Rather than using muscle like some reconstruction procedures (TRAM), this innovative approach involves use of excess skin, fat and blood vessels to reconstruct the breast. We take the skin and fat from the lower abdomen with its blood vessels and use this tissue to mold a new breast with a natural look and feel.

We rely on microsurgery to do a DIEP flap which is the process of using the microscope typically to connect very small blood vessels.  Experience and training are necessary to produce good results in microsurgery. Our surgeons perform microsurgical reconstruction at a high volume and are very comfortable with this area of reconstructive medicine.  There’s also a shorter recovery time, lower risk of complications in the abdomen and a lower risk that we’ll weaken the muscles in this part of the body versus the process of taking muscle with the abdominal tissue (TRAM flap).

Superficial Inferior Epigastric Perforator (SIEA) Flap

An SIEA flap involves taking tissue from the lower part of the abdomen in a way similar to a DIEP flap.  However, this flap procedure uses different blood vessels than the DIEP flap and doesn’t require vessels that involve the abdominal muscle. Many women may not be good candidates for an SIEA flap because the blood vessels may be too small to support the flap or because the vessels already have been cut during a prior surgery, such as a C-section.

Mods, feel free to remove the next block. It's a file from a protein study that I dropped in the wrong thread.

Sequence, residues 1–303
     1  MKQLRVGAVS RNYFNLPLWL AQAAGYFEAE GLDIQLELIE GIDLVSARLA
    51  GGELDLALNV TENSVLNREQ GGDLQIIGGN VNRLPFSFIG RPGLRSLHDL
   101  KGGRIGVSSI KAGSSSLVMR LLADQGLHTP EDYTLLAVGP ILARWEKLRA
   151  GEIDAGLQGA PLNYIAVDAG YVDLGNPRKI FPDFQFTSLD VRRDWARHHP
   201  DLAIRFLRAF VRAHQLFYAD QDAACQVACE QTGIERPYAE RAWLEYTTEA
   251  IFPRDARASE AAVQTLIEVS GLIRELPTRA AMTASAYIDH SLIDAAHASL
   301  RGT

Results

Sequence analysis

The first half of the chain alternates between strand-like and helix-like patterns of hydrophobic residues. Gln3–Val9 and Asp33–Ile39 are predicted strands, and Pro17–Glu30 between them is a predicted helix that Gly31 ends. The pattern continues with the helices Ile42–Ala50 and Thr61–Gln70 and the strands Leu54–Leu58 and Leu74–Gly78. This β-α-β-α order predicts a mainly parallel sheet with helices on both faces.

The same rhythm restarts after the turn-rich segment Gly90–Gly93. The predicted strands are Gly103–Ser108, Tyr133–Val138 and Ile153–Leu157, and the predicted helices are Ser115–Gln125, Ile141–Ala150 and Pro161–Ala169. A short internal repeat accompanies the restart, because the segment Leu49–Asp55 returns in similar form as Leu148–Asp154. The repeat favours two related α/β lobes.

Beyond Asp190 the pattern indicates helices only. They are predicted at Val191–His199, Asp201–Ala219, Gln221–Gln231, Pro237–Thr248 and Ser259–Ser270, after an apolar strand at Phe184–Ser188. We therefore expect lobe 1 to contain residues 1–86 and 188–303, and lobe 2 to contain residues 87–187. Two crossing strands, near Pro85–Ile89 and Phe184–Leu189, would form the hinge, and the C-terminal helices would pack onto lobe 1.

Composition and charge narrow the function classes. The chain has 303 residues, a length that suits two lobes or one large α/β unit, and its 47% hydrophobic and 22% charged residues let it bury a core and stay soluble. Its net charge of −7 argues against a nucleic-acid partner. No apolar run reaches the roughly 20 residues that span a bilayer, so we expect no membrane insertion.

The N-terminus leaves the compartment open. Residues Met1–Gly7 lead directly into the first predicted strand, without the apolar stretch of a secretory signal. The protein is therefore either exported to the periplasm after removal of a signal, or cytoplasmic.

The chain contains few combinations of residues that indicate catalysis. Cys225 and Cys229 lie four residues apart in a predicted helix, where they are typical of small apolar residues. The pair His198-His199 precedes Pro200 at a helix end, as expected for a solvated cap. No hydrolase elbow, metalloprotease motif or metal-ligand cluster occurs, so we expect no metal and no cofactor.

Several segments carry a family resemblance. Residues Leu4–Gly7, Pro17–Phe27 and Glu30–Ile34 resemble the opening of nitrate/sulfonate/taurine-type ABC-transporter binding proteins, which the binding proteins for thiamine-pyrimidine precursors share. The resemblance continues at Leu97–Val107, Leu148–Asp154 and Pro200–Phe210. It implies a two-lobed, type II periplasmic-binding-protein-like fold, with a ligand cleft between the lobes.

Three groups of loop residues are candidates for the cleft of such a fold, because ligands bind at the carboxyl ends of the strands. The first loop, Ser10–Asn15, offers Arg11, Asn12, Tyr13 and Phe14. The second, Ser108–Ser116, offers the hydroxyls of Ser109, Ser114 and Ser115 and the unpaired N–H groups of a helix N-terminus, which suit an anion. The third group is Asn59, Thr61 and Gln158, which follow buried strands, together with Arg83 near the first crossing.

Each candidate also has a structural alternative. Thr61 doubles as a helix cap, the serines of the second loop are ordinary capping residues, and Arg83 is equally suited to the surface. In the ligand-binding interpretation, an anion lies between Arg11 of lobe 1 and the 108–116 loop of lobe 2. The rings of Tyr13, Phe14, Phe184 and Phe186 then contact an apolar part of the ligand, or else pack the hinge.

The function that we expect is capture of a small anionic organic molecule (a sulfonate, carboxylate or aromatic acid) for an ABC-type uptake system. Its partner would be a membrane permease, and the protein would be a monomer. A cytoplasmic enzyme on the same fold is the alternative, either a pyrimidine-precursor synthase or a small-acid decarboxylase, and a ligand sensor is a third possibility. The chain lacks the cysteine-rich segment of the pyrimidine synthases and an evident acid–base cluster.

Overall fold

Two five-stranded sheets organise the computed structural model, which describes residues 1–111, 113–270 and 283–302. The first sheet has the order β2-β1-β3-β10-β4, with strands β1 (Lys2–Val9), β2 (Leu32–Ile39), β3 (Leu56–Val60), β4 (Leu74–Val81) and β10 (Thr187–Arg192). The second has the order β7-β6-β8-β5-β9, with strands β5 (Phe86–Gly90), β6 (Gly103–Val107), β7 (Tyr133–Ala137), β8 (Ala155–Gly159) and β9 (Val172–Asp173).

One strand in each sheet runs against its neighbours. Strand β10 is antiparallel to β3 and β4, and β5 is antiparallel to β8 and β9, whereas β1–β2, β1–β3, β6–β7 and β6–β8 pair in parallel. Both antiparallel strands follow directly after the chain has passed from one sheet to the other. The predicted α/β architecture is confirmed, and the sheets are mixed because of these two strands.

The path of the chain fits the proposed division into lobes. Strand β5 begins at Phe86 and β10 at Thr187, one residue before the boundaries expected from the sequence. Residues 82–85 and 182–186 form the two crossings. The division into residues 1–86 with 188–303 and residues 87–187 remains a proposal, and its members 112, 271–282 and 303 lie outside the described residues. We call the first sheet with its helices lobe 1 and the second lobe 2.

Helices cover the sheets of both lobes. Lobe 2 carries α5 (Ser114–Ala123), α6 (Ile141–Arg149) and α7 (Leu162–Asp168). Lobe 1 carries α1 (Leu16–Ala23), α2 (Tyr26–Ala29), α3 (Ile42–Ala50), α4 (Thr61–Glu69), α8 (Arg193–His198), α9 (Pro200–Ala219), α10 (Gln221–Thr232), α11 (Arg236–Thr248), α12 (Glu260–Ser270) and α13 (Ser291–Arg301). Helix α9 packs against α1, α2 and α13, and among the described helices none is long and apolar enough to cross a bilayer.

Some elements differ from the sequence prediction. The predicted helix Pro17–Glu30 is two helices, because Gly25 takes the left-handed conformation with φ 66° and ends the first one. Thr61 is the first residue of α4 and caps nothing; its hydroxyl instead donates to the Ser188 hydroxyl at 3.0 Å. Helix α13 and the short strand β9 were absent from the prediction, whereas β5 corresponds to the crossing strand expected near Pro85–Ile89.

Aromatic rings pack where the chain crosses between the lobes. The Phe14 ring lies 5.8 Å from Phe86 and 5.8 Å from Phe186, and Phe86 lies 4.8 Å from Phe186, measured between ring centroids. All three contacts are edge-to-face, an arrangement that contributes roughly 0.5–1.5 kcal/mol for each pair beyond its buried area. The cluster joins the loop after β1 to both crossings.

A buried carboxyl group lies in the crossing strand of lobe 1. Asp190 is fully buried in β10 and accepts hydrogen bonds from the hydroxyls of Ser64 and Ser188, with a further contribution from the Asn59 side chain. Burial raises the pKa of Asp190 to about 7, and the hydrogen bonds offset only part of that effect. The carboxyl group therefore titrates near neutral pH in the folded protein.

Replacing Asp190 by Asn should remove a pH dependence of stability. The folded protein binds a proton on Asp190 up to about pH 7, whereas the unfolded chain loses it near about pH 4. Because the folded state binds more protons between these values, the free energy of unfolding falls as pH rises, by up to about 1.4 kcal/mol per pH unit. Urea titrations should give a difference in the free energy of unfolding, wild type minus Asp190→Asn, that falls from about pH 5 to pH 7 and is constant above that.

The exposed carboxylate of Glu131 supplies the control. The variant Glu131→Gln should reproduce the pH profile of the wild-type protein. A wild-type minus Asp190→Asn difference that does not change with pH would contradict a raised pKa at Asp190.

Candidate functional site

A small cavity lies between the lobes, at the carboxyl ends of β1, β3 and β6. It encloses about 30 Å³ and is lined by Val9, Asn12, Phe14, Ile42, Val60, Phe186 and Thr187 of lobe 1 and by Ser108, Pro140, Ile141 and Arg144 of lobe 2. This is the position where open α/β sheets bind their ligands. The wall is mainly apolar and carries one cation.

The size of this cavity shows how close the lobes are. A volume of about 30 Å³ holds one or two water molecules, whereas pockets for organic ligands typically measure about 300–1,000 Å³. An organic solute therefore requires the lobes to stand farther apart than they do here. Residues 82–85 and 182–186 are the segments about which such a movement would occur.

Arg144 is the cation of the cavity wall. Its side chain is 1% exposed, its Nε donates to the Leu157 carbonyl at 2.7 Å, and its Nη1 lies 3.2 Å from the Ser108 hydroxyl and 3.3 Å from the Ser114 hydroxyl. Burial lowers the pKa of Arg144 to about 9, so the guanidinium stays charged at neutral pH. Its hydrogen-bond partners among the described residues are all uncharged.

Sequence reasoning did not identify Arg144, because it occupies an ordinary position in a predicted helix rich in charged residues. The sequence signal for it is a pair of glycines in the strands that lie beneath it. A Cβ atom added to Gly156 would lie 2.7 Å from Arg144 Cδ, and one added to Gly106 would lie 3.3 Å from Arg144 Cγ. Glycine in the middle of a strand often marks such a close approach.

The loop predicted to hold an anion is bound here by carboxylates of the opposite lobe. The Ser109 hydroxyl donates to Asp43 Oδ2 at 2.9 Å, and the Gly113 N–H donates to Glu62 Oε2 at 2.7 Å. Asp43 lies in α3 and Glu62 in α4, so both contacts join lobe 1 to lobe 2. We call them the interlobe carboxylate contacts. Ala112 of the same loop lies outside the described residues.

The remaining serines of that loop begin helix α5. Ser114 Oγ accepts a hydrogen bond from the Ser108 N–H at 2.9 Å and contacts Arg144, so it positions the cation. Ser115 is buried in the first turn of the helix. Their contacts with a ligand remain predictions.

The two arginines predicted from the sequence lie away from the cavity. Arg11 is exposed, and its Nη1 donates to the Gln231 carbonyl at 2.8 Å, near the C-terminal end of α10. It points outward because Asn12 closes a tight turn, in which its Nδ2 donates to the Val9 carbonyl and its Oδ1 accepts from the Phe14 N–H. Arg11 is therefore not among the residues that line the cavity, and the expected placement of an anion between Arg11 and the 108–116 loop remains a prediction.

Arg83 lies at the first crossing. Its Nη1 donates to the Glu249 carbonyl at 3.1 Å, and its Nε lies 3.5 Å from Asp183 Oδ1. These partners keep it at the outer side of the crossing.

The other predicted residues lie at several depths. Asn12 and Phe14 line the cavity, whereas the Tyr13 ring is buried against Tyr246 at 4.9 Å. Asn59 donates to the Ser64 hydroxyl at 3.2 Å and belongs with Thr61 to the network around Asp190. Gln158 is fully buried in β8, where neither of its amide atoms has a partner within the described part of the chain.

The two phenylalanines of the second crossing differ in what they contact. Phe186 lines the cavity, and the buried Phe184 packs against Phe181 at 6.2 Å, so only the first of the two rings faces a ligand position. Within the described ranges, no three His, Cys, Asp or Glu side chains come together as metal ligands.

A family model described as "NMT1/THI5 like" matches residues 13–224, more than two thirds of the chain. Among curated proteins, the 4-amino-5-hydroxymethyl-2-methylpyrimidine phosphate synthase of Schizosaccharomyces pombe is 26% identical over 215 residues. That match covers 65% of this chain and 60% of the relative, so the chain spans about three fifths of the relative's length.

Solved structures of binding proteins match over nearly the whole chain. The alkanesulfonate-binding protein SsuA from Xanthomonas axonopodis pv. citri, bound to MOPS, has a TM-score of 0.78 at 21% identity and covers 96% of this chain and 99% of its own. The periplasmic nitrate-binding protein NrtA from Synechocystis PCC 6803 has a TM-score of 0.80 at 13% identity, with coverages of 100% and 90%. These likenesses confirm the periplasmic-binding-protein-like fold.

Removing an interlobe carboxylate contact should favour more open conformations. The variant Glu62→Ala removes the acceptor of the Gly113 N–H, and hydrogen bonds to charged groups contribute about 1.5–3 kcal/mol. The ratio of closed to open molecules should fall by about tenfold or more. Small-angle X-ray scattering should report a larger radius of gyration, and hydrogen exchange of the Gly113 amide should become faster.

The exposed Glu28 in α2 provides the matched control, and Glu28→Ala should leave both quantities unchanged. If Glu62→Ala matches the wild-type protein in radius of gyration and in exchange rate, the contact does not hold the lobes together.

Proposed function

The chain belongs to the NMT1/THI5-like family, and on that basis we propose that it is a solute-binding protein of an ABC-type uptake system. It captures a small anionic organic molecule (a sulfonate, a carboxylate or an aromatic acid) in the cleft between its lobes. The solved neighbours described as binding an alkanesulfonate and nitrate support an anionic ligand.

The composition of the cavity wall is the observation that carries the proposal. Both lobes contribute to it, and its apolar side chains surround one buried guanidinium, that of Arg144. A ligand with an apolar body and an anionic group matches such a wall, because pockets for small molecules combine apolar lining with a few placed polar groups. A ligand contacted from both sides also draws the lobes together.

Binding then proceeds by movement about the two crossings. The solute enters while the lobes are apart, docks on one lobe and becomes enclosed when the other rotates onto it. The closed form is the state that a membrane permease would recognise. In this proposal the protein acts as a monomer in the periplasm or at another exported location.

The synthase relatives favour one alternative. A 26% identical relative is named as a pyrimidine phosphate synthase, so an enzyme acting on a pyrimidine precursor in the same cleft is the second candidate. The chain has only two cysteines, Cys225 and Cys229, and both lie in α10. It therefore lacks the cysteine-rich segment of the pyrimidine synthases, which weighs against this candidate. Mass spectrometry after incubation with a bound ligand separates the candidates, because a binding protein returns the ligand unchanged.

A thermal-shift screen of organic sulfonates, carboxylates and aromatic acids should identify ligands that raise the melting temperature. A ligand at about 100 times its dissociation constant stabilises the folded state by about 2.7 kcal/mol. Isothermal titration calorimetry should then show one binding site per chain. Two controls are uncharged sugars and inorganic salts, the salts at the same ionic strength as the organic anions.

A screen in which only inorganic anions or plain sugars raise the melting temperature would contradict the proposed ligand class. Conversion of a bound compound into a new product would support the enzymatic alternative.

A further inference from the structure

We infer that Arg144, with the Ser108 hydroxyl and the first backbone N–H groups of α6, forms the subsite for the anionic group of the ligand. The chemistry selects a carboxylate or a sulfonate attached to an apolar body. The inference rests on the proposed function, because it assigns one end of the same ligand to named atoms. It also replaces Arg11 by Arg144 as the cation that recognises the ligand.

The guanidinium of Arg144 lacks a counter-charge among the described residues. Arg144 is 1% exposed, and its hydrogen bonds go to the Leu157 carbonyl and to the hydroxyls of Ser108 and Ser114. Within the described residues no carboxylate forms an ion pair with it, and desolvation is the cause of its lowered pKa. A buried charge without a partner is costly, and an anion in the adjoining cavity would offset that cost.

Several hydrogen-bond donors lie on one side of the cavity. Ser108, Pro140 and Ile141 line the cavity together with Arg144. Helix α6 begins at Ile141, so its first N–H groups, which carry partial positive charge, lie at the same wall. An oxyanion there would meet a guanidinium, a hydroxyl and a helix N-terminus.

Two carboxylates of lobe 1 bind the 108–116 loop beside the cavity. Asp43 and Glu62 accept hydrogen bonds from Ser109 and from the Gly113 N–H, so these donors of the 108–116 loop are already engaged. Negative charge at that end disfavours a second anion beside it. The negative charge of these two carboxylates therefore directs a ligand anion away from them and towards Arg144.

Aside from a DIEP or SIEA flap, there are still options for women who want autologous (own tissue) reconstruction, but do not have the abdomen as an option. Some of them include PAP, LTP, and SGAP flap procedures that rely on tissue from either the hips, buttocks or parts of the thigh.

Profunda Artery Perforator Flap (PAP)

Developed in 2010, the PAP flap uses tissue from the medial thighs to reconstruct the breast. There is no muscle taken with this procedure. The incision/scar can be oriented a number of directions based on what is best for an individual patient.

Lateral Thigh Flap (LTP)

This flap uses skin and fat from the lateral thigh. It is similar to the PAP but for women that carry more tissue laterally than medially.

Superior Gluteal Artery Perforator (SGAP) Flap

An SGAP flap uses tissue from the hips or top of the buttocks to reconstruct the breast(s). If a patient has had a previous abdominal surgery or doesn’t have enough tissue in their abdomen, then an SGAP flap could be a good option.